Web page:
A file resources2.cfg is used by registerHlms() to specify where the materials files are. I would like to remove the need to make this file by specifying it all in code, but I have not yet.

Create data/resources2.cfg and add the following contents:


Finally, we need the "Suzanne.mesh" asset. You can follow the Asset pipeline section below or copy the mesh from here (click Download). You should copy it to data/Models.

Try it out!

Run it:

If it works, you should see a Suzanne monkey moving across the screen. Huzzah!

If you have troubles, there are usually a couple things that could be going wrong:

Ogre can be a bit ornery. Stick with it though, and remember how it's one of the largest libraries you'll likely have to set up in your entire project!

What's next?

Read over the code and try to get an understanding of what is happening. You can start playing with the constants, then making your own lights, changing where resources get loaded from, and setting up your own Hlms materials.

There is a lot of hard-coded stuff in there that makes assumptions about the user's platform. You will have to do more work to make it platform-independent. Refer to Ogre's official samples for help with that.

I commented root->showConfigDialog() because I find it very frustrating during development to click through. The renderer is hard-coded to GL3 and the resolution is set to 1920x1080. Check ogreInitializeInternal() to change these.

ogreCreatePbsSpheres() is an example of the High-level material system. Read the manual to get an idea of what's going on with it. Copy SaintPetersBasilica.dds into data/Materials/Textures and uncomment the "Reflection texture" block to see what reflections look like with an actual cubemap. (I did not include this because I wanted to avoid including non-essential assets).

Once you get a feel for Ogre, you should restructure/split the file as desired to be the right level of modularity/data-driven/whatever you need.

Follow the Asset pipeline instructions and get your own models into your project!

Asset pipeline

It was quite hard to find documentation on actually getting my assets into Ogre. Most resources refer to v1. Here, I'll use Blender to create an asset and export it to my Ogre project.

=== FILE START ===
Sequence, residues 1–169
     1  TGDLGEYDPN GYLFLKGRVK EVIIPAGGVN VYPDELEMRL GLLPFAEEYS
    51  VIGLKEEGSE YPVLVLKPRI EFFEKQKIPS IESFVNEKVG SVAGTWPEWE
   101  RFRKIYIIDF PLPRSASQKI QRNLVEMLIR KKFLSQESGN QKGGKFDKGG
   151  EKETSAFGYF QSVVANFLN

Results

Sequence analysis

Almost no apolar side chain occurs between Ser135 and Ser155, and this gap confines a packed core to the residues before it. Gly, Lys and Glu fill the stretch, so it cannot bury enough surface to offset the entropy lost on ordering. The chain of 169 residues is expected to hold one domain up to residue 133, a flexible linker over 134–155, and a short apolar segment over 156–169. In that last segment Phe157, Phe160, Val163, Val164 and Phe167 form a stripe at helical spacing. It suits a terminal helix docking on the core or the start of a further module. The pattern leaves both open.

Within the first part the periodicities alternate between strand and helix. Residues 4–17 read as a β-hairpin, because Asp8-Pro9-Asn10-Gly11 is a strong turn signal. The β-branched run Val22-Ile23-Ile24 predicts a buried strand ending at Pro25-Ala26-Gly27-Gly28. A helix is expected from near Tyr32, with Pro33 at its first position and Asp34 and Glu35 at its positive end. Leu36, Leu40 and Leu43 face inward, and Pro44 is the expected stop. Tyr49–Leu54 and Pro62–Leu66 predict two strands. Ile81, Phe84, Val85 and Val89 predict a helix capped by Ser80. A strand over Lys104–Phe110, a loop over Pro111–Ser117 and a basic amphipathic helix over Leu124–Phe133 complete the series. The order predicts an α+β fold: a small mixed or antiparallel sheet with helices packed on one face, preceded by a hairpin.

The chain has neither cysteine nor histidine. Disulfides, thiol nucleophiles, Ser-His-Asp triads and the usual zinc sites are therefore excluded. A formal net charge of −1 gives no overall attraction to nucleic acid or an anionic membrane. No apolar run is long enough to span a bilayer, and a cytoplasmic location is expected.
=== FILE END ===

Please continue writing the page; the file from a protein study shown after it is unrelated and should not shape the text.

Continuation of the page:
Clone the exporter

There are different exporters for the various 3D asset creation programs out there. I'm only going to cover Blender.

Download the exporter:

We'll put it in our Dependencies folder, because being able to build assets is about as important as building the project!

Blender setup

You are now ready to export. Open your model or create one, then do File -> Export -> Ogre3D. See the following section for settings. Note: I will be making command-line driven auto-exporting to reduce these manual steps.

OGRE Export Settings

Materials and Textures

The blender2ogre plugin doesn't do much to help with Ogre v2 materials.

The following steps require competence in using Blender. See Blender's support page if you have difficulty creating your asset.

To create a textured mesh:

Converting .mesh.xml to .mesh

You shouldn't need to do this step if you set OGRETOOLS_XML_CONVERTER, but in case blender2ogre didn't recognize it, here's how I worked around it:

Run this after you've made an attempted export from the Blender OGRE plugin.

Bonus: Using SDL to create the window

I had to switch rendering engines on my last project, so tying my input to the renderer is something I'm cautious of.

Instead, I want to create my own window and only use Ogre for rendering. That way, if I had to switch, I wouldn't have to rewrite my input code, nor manage an input abstraction layer.

I chose SDL because it handles many other things I want besides input.

Here is code to create an SDL window suitable for Ogre output:

To use your window instead of Ogre's, pass true to ogreInitializeInternal() (from our reference file). Refer to what useCurrentWindow does in order to see the necessary changes.